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BioMed Research International
Volume 2013 (2013), Article ID 195363, 4 pages
http://dx.doi.org/10.1155/2013/195363
Clinical Study

Evaluation of Sample Stability and Automated DNA Extraction for Fetal Sex Determination Using Cell-Free Fetal DNA in Maternal Plasma

1Departament de Genètica Molecular, Labco Diagnostics, c/Londres 28, 08029 Barcelona, Spain
2Unitat de Biologia, Departament de Biologia Cellular, Fisiologia i Immunologia, Universitat Autònoma de Barcelona, 08193 Barcelona, Spain

Received 30 April 2013; Revised 24 August 2013; Accepted 16 September 2013

Academic Editor: M. Ilyas Kamboh

Copyright © 2013 Elena Ordoñez et al. This is an open access article distributed under the Creative Commons Attribution License, which permits unrestricted use, distribution, and reproduction in any medium, provided the original work is properly cited.

Abstract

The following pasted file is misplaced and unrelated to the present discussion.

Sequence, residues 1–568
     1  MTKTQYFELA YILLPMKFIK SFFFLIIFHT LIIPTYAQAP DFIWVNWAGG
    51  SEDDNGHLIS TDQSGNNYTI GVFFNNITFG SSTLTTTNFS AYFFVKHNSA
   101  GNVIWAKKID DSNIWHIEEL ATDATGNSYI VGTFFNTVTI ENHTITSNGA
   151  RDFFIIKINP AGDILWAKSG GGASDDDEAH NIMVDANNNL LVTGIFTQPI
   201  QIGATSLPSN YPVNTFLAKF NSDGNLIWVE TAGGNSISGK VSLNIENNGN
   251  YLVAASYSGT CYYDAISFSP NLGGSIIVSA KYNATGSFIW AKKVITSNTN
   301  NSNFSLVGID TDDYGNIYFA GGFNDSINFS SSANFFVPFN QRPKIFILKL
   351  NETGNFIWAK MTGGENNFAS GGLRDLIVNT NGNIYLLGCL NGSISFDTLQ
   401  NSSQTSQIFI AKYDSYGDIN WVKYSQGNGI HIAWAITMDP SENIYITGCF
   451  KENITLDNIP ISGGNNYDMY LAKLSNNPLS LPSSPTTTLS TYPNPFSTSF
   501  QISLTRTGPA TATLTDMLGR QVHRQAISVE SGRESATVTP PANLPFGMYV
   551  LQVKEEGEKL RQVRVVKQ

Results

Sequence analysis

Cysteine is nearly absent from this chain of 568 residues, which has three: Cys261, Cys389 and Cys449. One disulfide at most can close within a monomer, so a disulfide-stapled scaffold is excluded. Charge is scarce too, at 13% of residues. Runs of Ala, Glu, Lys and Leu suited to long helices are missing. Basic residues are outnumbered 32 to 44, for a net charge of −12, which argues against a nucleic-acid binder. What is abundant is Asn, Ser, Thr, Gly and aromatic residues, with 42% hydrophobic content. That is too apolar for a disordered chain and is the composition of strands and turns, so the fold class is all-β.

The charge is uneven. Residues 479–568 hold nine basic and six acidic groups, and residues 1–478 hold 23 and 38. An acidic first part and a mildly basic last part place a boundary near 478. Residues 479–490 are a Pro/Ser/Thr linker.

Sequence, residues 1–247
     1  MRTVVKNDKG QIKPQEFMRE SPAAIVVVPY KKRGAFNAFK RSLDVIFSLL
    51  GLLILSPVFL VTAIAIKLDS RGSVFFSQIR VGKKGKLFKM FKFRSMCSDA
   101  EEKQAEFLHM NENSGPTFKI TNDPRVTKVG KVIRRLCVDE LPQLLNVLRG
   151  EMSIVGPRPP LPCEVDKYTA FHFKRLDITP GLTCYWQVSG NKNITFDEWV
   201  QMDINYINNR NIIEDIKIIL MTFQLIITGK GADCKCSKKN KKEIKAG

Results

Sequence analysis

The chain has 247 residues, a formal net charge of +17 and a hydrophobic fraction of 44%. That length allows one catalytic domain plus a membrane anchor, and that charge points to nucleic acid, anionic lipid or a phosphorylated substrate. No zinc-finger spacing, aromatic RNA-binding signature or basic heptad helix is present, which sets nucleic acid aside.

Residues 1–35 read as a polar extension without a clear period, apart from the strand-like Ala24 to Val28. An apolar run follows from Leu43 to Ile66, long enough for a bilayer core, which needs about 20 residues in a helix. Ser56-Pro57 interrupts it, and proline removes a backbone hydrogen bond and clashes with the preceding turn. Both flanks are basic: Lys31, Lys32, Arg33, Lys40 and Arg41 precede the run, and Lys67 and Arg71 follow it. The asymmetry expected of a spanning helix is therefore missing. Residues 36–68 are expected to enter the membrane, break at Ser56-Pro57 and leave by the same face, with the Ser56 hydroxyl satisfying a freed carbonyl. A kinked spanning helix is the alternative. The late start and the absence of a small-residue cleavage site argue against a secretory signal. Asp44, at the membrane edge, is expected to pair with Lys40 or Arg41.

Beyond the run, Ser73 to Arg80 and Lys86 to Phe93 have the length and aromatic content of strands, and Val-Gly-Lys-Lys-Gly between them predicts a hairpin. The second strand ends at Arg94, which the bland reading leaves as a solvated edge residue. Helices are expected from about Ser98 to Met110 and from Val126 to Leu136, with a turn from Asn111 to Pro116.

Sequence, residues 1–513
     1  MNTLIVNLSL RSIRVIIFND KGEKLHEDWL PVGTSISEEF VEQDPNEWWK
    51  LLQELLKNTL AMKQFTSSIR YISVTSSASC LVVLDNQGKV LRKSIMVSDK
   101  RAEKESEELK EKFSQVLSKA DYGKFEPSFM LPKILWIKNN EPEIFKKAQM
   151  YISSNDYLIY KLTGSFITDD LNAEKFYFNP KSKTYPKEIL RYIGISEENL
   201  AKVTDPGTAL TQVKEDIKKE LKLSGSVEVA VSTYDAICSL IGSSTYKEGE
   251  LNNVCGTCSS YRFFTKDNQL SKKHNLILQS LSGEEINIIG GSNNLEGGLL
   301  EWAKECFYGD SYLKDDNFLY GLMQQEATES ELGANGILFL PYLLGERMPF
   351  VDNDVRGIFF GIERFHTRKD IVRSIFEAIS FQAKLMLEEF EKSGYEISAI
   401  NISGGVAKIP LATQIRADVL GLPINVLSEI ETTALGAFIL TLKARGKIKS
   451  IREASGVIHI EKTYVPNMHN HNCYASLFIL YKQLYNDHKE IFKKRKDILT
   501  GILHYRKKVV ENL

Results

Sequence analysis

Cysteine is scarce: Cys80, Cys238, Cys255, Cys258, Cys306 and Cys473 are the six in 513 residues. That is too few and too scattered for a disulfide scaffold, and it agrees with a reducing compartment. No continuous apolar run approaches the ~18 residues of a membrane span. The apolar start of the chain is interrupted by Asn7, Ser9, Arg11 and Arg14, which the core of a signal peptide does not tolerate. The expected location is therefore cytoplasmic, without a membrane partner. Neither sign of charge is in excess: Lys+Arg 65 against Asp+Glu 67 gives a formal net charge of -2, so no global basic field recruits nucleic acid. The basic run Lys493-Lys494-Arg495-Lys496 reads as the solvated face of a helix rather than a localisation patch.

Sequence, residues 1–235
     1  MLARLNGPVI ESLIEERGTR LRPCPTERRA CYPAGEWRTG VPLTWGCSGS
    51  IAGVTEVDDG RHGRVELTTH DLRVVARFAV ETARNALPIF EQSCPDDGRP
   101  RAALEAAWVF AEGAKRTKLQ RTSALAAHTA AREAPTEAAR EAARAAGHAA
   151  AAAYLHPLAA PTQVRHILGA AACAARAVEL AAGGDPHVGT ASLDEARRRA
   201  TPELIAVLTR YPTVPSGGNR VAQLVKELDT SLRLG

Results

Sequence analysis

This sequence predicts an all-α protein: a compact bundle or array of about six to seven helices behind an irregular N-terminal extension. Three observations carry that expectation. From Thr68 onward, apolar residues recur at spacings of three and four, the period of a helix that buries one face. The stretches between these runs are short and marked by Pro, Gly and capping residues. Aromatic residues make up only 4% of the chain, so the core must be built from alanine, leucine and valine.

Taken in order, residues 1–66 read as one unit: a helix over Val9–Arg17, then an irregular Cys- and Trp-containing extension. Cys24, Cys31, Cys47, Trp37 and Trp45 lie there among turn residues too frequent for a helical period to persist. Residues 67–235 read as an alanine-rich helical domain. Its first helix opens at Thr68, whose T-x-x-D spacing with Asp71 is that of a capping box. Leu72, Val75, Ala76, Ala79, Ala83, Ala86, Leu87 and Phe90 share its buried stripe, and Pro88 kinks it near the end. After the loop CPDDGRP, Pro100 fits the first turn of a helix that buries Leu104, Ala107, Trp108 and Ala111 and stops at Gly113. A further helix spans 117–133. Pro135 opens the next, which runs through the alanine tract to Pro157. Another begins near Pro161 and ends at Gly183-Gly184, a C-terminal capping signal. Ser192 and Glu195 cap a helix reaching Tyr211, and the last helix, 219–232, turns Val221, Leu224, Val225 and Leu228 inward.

Objective. The detection of paternally inherited sequences in maternal plasma, such as the SRY gene for fetal sexing or RHD for fetal blood group genotyping, is becoming part of daily routine in diagnostic laboratories. Due to the low percentage of fetal DNA, it is crucial to ensure sample stability and the efficiency of DNA extraction. We evaluated blood stability at 4°C for at least 24 hours and automated DNA extraction, for fetal sex determination in maternal plasma. Methods. A total of 158 blood samples were collected, using EDTA-K tubes, from women in their 1st trimester of pregnancy. Samples were kept at 4°C for at least 24 hours before processing. An automated DNA extraction was evaluated, and its efficiency was compared with a standard manual procedure. The SRY marker was used to quantify cfDNA by real-time PCR. Results. Although lower cfDNA amounts were obtained by automated DNA extraction (mean 107,35 GE/mL versus 259,43 GE/mL), the SRY sequence was successfully detected in all 108 samples from pregnancies with male fetuses. Conclusion. We successfully evaluated the suitability of standard blood tubes for the collection of maternal blood and assessed samples to be suitable for analysis at least 24 hours later. This would allow shipping to a central reference laboratory almost from anywhere in Europe.